My childhood was much like being drunk. I don’t remember much of it and everyone else has to tell me what happened and remind me of what I did. This has been my coping mechanism in dealing with what was not the ideal childhood experience. So much of it was full of fear and stress that at some point I just blocked it out. What I do remember though is discovering my lifelong passion and love: reading. Reading saved me (Clearly it also gave me a flair for the dramatic as well). The first book that I ever read- the one that changed my life- was A Little Princess by Frances Hodgson Burnett. It opened my six-year-old mind up to endless magical possibilities.
I was given my first copy of A Little Princess by my parents for my birthday. I was only six but reading was something that came naturally to me. I was always three or four grade levels above my own in the subject and my teacher, Mrs. Gonzalez, suggested to my parents that they encourage this skill in me. So after I blew out the candles on my birthday cake at the dinner table that night, my mom handed me a small white box with a frilly pink bow on it. I opened it delicately taking my time until my brother ripped the top off while saying something annoying about me being slow or an idiot or maybe a combination of the two. Anyways, it was something less than charming and when I was done giving him the stink eye, I turned back to my gift. There it was: my first book! It belonged to me and only me and it was about a princess with brown hair who wore her hair in curls just like me! I was sure this book was written specifically for me and when I opened it I saw my name with a message underneath. It read: “We love you and are so proud of you. You will always be our little Princess. Love, Mommy and Daddy”. This made it all the more special and I couldn’t wait to go hide in my room and read it.
It was finished the next day. Then I read it again. It was incredible! Nothing else existed when I was reading. It’s like I was transported straight to India where Sara Crewe was raised. I felt homesick with her when she got to England. And I cried like a baby when her Daddy died. It was horrible and amazing all at once. I’m sure I must have been obnoxiously rehashing every detail to everyone in my family for days. It was all I could think about. I felt like I had just made a friend for life. Sara was so much like me. She was quiet, polite, she never said anything hurtful to anyone, she had a doll that had outfits that matched her own and she was considered weird because she loved telling vivid stories that she could come up with on the spot. Suddenly, I didn’t feel so alone or like a freak. I was also given hope that I too could make friends and that no matter how bad it could get in our home, happily ever after could and would come for me as well.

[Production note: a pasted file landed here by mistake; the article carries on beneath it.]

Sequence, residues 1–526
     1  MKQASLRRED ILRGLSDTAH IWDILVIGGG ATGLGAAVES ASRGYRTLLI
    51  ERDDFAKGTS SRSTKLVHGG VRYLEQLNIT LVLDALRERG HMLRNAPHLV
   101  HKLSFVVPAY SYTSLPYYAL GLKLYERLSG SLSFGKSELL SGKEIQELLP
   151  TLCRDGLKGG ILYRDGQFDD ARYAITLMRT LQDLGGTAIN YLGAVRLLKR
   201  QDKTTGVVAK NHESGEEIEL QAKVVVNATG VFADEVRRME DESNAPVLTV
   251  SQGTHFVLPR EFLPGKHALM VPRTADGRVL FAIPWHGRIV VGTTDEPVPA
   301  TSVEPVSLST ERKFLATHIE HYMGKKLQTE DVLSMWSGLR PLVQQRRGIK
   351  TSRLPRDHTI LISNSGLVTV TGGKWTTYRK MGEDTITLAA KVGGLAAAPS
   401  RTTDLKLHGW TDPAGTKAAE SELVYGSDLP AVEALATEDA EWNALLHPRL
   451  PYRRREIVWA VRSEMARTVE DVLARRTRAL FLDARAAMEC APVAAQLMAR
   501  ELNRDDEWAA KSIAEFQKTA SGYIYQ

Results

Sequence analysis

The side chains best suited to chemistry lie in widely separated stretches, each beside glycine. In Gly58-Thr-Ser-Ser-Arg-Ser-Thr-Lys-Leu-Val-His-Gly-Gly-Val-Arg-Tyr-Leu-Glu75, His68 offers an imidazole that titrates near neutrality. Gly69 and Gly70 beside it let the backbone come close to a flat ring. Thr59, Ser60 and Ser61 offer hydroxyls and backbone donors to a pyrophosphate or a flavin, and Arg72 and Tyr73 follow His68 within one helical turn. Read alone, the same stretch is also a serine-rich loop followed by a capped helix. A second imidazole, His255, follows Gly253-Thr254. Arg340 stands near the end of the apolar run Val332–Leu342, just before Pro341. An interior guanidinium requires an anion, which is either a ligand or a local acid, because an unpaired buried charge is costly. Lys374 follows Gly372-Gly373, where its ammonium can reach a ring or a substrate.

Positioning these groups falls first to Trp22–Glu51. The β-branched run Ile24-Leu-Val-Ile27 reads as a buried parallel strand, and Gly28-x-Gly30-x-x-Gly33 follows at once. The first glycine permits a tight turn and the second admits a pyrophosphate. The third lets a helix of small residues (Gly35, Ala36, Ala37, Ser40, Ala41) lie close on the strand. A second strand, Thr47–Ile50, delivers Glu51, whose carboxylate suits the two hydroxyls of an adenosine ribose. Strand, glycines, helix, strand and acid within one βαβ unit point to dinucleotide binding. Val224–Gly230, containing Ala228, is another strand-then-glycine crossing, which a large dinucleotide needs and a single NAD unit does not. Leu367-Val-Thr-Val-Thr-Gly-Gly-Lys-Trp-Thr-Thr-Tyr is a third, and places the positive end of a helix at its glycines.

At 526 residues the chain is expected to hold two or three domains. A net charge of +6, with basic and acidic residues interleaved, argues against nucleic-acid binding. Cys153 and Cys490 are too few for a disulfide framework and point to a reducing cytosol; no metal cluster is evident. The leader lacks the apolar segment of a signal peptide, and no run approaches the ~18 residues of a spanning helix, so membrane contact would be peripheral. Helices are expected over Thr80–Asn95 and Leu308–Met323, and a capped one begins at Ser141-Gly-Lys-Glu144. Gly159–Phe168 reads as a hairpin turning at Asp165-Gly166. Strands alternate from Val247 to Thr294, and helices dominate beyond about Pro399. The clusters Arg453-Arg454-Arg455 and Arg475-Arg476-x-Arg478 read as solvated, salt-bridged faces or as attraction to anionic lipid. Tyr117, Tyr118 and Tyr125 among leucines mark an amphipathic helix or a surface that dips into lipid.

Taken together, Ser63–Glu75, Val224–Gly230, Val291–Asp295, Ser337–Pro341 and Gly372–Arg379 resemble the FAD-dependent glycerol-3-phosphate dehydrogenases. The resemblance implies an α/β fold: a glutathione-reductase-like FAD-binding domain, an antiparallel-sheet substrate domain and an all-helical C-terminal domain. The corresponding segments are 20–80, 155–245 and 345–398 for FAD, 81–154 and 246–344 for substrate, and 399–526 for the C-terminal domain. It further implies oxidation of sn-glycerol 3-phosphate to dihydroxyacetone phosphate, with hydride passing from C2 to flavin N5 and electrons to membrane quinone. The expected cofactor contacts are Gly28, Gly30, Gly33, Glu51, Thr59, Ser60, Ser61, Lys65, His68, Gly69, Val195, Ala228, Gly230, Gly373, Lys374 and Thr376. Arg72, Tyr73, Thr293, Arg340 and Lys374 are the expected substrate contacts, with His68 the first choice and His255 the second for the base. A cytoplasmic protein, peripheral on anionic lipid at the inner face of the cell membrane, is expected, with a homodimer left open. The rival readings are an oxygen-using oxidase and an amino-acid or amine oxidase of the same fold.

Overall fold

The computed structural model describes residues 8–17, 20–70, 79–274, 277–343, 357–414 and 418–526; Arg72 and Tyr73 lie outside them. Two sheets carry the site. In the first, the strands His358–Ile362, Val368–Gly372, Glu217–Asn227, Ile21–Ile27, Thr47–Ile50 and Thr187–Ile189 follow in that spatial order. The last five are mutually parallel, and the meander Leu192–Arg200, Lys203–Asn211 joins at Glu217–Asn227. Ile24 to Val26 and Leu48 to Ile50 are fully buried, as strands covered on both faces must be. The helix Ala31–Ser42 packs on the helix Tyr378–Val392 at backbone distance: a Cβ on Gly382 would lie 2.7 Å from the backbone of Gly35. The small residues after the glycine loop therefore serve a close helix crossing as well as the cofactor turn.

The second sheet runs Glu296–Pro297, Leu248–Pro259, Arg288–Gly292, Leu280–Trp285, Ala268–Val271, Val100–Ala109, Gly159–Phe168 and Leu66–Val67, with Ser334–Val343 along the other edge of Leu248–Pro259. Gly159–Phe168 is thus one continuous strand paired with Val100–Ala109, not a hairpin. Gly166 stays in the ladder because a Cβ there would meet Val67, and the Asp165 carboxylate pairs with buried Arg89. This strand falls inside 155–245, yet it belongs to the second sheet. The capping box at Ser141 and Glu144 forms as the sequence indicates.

After I had read the book so many times that I could recite it by memory, my mom told me about the library. Apparently I could go to the library and borrow as many books as I wanted using only a card with my name on it. Life changing to say the least. I went through book after book absorbing as much as I could. I read many books similar to A Little Princess and I even read books on India, England and boarding schools just so that I could understand that original story even better. Eventually I even came to the realization that there were people who wrote these books that I loved so much. It was somebody’s job to make up stories that other people will want to read over and over again. My young mind was blown by the possibilities that life now held for me. I knew right then that I wanted to be a writer.
One book changed my life forever. It showed me that there were other people in the world than the ones that existed in my sheltered life. It showed me that there were places to travel, adventures to be had and memories to be made. I realized that all I needed to do when I needed an escape was to open up a new book. I found out that I could make a living and a life out of my love for reading and writing. I learned to believe that a happy ending was a possibility for anyone who wanted it and who deserved it-even me. One book started a chain reaction in my young life that is still unfolding for me. I’m as much of a bookworm today as I was on my sixth birthday. I still have that first copy of A Little Princess, only now it’s in good company with the nearly hundreds of other books I cherish on my very own bookshelf that lines my bedroom wall.